"Courage is being scared to death and saddling up anyway." - J. Wayne


Posts: 6291 | Registered: Nov 2011 | From: South, Y'all!
MissesJai
Member
Member # 24849
Default  Posted: 2:32 PM, September 13th (Friday)

WOW - too soon? she's not remorseful? GTFO. Whatever.

Aubrie, you did good, hon - and know that you will have more foot-in-mouth moments and you will recover just fine. You got this.


FWW - 41
"Don't think first about the risks of speaking up. Think first about the risks of not speaking up." ~ Kerry Patterson

Posts: 5971 | Registered: Jul 2009 | From: So Cal.....
AFrayedKnot
Member
Member # 36622
Default  Posted: 5:00 PM, September 15th (Sunday)

Aubrie I think you did good.

There have been time broevil has said something that I didn't even catch another meaning until I see the look of panic on here face. I tell her its ok and it is. It was not intentional or malicious.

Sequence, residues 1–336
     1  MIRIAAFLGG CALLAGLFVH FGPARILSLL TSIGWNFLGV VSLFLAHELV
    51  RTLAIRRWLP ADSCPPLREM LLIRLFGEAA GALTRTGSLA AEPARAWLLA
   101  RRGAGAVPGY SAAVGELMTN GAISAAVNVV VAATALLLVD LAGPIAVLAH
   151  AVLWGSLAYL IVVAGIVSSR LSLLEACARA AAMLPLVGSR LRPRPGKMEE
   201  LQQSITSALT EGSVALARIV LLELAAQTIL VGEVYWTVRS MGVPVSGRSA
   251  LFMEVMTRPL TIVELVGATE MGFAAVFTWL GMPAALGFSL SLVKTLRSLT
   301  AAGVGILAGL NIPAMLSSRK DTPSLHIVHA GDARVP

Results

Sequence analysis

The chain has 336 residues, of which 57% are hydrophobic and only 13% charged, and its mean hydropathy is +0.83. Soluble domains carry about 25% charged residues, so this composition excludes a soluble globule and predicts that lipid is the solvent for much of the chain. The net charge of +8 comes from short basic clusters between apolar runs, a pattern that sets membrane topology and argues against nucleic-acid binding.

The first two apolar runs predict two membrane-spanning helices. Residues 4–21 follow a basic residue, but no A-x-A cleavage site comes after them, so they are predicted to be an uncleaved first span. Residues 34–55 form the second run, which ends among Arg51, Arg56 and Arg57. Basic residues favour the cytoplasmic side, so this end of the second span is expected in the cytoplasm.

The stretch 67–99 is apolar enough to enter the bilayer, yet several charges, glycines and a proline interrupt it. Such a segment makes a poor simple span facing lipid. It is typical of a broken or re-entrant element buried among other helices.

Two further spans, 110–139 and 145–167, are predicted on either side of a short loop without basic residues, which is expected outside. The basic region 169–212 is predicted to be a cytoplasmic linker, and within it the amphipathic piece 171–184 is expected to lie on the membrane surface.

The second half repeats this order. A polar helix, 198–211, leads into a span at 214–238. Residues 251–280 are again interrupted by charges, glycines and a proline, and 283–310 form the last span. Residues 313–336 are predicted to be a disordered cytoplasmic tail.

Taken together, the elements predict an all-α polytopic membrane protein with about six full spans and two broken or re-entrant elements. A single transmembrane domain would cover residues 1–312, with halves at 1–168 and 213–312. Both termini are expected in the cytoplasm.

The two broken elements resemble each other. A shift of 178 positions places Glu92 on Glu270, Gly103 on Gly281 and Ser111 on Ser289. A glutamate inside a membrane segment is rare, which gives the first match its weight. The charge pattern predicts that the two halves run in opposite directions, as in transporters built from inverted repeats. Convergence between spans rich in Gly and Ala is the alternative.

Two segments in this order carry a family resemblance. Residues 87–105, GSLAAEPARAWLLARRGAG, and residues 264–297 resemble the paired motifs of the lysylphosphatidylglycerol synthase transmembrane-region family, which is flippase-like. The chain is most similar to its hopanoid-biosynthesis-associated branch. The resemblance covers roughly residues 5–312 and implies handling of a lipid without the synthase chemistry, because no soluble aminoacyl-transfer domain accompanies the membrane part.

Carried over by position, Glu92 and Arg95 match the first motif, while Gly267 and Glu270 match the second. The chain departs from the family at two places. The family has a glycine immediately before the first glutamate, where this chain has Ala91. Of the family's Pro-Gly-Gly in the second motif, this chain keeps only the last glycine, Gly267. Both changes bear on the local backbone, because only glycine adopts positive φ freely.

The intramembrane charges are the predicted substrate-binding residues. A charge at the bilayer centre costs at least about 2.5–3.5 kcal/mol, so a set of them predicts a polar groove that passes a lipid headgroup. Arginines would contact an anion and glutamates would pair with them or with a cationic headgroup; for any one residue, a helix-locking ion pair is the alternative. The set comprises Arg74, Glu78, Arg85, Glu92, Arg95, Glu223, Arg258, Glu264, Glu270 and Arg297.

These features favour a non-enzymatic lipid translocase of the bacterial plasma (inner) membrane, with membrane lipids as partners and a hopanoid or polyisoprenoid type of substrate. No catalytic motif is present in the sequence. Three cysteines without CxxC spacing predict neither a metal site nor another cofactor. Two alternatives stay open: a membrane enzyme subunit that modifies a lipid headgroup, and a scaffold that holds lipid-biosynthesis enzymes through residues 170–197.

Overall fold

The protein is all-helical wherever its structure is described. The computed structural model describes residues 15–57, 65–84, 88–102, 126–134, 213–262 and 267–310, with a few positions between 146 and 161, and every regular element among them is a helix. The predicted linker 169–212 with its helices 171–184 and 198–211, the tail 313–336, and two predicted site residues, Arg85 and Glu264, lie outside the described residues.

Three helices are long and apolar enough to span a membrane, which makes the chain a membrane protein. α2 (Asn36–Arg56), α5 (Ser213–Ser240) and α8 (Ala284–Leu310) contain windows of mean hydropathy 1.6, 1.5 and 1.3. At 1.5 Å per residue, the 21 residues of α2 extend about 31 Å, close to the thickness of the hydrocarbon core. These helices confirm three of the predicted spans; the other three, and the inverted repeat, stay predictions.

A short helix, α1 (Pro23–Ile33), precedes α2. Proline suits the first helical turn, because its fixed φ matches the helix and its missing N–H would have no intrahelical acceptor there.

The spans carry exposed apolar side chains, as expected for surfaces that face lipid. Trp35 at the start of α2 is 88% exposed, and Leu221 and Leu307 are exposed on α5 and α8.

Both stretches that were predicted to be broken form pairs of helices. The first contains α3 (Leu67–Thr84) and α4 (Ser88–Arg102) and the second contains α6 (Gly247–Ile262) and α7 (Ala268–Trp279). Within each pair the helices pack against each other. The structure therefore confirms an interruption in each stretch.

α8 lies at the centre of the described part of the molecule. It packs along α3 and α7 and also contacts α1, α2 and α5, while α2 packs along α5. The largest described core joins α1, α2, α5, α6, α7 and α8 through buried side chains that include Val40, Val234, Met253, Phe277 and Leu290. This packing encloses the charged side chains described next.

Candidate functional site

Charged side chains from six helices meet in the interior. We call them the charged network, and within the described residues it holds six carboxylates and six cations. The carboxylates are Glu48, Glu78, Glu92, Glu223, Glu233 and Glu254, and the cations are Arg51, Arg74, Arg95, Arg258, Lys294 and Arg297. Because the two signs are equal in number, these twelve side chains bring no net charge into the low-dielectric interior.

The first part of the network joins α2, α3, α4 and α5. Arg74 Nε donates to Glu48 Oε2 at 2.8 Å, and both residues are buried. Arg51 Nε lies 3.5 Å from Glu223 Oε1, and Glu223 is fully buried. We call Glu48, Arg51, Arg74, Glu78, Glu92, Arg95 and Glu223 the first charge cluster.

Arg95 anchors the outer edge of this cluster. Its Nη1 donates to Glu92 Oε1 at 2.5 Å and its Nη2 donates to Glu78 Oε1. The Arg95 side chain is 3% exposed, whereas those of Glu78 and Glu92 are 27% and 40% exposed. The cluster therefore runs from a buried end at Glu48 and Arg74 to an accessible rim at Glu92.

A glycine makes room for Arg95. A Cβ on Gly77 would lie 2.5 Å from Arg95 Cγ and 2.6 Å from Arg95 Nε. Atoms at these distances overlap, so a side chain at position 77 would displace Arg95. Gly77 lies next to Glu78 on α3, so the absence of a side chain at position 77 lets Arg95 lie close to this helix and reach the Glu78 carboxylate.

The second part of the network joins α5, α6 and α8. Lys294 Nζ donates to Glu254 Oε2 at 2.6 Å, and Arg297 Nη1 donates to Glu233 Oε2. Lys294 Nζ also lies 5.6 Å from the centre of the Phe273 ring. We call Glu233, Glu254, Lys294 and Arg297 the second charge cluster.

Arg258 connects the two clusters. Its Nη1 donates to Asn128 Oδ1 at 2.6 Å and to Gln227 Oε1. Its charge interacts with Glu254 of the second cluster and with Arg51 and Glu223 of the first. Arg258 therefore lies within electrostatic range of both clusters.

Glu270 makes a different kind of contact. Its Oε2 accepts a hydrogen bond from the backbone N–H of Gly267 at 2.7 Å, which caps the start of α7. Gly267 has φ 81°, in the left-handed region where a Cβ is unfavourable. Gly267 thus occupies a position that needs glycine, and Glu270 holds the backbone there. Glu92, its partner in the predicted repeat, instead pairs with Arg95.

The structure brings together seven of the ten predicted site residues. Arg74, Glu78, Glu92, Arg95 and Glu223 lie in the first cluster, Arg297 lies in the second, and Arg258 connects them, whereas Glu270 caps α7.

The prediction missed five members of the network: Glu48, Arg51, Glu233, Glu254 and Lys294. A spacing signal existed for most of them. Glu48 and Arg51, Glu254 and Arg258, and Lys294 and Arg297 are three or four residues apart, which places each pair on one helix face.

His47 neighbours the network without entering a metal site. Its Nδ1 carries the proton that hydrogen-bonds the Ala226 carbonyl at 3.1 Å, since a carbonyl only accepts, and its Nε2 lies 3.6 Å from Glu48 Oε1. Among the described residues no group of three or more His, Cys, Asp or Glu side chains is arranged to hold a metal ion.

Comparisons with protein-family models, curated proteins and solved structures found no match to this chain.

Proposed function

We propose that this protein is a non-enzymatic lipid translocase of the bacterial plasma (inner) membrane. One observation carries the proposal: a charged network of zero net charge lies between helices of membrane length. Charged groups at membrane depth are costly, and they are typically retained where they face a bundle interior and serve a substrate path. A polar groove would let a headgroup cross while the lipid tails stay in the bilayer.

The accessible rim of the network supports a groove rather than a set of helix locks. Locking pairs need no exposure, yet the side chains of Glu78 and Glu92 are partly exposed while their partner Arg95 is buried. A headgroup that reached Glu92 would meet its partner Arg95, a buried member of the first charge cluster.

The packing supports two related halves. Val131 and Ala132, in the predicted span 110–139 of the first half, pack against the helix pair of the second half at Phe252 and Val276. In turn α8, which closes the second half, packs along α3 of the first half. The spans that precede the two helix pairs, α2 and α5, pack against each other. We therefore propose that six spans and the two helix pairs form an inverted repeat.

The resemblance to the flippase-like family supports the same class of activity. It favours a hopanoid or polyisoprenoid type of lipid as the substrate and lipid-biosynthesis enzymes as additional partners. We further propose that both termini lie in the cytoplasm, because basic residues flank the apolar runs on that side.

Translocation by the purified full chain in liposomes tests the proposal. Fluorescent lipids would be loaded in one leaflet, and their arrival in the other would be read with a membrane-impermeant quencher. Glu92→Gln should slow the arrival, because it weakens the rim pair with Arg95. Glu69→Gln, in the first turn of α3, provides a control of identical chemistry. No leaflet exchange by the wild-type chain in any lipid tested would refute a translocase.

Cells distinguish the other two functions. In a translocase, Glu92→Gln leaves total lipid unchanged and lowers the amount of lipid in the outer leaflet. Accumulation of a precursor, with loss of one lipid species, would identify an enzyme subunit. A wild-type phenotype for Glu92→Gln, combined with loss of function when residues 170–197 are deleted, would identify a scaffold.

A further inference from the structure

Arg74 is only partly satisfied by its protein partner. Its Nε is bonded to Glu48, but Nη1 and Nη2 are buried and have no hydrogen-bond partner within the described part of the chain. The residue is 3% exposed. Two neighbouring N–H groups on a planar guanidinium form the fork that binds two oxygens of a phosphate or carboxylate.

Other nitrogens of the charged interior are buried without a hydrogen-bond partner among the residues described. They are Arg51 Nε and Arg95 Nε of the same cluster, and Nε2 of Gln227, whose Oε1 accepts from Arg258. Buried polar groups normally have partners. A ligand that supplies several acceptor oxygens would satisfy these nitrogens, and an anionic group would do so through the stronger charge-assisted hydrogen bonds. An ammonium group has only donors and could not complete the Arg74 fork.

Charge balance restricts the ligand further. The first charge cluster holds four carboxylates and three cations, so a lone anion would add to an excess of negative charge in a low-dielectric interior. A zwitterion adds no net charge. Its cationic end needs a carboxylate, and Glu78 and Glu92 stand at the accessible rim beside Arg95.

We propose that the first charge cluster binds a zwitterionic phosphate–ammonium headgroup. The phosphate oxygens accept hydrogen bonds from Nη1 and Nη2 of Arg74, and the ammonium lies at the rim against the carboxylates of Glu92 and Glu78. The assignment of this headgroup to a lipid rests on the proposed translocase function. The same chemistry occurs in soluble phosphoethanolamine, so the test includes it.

I have said things too that have caught us both off guard. Its tough trying to balance being free and cautious. I think the ultimate goal is to lean more toward free. And with both partners open and honest it is totally possible.


BS 40
fWS 36 (SurprisinglyOkay)
DD DS
A whole bunch of shit that got a lot worse before it got better.
"Knowing is half the battle"

Posts: 2628 | Registered: Aug 2012
Topic Posts: 29